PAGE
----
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peace talks or negotiations be very public defeats of the insurgency in the field by afghan security forces. my two examples of failure would just be the exact opposite of those two coins i just highlighted to you. so at the operational level that would be to capture or multiple captures several venture capitals inside afghanistan. and at a strategic level that would be seeing a fracture of the political elites that destabilizes the government and maybe a prestage to civil conflict again. thank you. >> thank you. >> ma'am, as we look at successes i would say one success is just the ownership taken. this force here fully
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responsible they were the primary land force and the ownership that they took i think and effects that they've had this year. not anoth-- another huge succes the a.l.p. program. we've seen some key successes there. one of the things significant of the a.l.p. program is the folks are from the local area. so wherever you find a.l.p. properly secured and tight with the rest of the afghan security you almost find green bubbles are created because they know who should be there, who shouldn't. and displaces the enemy. the enemy's no longer to hide in plain sight. one of the things that i think failures and things that have got to work on, you know, is the ability to maintain some of the small persistent operations that this required to put pressure on the taliban. so to do well in a big multicorps operations but the
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ones that are really have the most impact are the ones that are really being done at a district level. and the ones that are not telegraphed. so the big operations a lot of time the enemy cannot understand it's coming and have the ability to shift. and the final thing i think they need to improve and do better is anticipate in where the enemy's going to be. so for example, you know, we do by typically defending in the east and the south, but we saw this year, you know, some attacks in the north. kunduz was an example. and some attacks in the west. so being able to anticipate and then responding and reacting a little bit quicker when the enemy does something that's, you know, not telegraphed or unexpected. >> thank you. >> i'd like to follow-up on assistant secretary abazaid's comments. the two successes i would like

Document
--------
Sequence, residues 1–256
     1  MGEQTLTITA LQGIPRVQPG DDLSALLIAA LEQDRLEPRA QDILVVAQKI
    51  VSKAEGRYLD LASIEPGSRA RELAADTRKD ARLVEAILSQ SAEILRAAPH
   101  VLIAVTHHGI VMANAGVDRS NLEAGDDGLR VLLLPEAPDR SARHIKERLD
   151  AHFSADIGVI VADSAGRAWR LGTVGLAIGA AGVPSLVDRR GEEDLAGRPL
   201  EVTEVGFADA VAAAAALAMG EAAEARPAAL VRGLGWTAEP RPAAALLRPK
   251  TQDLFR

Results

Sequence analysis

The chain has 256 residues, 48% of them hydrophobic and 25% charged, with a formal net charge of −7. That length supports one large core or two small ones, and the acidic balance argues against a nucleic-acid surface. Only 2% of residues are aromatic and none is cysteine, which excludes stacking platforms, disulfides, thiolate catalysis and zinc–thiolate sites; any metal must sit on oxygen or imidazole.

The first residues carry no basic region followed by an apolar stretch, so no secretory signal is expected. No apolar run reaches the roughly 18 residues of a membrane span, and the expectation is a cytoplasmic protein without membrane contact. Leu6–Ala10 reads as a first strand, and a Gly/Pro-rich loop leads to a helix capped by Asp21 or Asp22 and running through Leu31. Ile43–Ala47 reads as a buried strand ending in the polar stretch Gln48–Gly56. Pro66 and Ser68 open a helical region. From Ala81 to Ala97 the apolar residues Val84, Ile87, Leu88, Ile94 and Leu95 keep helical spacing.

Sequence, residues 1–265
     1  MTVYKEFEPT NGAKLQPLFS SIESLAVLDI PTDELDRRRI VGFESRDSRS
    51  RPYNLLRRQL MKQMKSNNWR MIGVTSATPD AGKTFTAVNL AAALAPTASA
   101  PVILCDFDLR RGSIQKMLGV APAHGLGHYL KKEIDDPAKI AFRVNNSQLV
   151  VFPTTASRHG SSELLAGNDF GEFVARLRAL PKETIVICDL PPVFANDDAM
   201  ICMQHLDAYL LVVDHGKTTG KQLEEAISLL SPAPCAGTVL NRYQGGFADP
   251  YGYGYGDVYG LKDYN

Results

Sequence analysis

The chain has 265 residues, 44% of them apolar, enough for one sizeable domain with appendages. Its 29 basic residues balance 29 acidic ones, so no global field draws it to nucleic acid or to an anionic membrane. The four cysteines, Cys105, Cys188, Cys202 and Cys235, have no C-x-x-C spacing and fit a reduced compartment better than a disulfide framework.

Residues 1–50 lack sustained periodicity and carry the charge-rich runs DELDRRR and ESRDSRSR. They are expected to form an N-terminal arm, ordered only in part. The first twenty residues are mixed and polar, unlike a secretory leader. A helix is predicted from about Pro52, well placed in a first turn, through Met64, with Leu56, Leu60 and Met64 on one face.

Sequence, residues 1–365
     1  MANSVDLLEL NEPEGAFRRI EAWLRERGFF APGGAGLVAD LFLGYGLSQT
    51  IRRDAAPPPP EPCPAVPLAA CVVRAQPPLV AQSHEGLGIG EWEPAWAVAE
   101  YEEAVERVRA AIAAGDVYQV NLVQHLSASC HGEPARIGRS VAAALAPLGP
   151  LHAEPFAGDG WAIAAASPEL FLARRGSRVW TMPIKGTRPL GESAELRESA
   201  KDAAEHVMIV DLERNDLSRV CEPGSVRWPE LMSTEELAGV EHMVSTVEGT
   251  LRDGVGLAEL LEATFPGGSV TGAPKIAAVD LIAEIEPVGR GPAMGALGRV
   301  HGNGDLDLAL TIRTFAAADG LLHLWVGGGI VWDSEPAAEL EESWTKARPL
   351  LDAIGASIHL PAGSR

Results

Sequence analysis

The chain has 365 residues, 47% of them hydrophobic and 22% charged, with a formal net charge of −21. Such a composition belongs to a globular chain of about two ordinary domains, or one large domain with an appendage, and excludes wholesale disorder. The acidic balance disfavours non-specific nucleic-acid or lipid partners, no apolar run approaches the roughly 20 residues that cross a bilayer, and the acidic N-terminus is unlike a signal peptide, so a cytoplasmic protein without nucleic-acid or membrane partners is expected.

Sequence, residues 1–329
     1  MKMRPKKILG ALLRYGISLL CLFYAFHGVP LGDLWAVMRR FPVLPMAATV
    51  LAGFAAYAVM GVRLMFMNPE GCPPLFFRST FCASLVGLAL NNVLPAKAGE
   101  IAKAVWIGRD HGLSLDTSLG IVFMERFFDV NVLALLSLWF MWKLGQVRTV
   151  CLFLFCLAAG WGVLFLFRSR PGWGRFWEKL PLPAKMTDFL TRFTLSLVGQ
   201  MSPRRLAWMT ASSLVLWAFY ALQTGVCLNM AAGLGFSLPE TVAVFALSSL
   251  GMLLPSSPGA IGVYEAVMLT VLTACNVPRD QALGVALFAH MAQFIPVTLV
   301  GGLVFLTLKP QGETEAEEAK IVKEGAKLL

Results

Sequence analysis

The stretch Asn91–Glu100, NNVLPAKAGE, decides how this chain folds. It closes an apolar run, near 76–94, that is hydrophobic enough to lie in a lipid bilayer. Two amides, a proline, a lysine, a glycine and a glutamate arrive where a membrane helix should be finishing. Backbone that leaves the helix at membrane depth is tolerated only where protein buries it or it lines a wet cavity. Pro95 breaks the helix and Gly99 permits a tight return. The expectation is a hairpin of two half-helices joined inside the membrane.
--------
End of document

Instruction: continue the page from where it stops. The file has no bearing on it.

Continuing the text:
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to highlight deal with the cooperation or the new one has to do with conditionality. they've worked very closely with the new unity government. and i actually met with president ghani and he says i accept conditionality. i want conditionality. let's work together. and i think that's a great success. the prior regime wasn't interested in conditionality. but the new regime is. and so general davis, general zim and general campbell stepped up to the plate and hit a home run on that. the second success is along the same line, when we work together we really do succeed. that is when my agents uncovered the price fixing for the $1 billion m.o.d. fuel case, we immediately went to general campbell, we went to general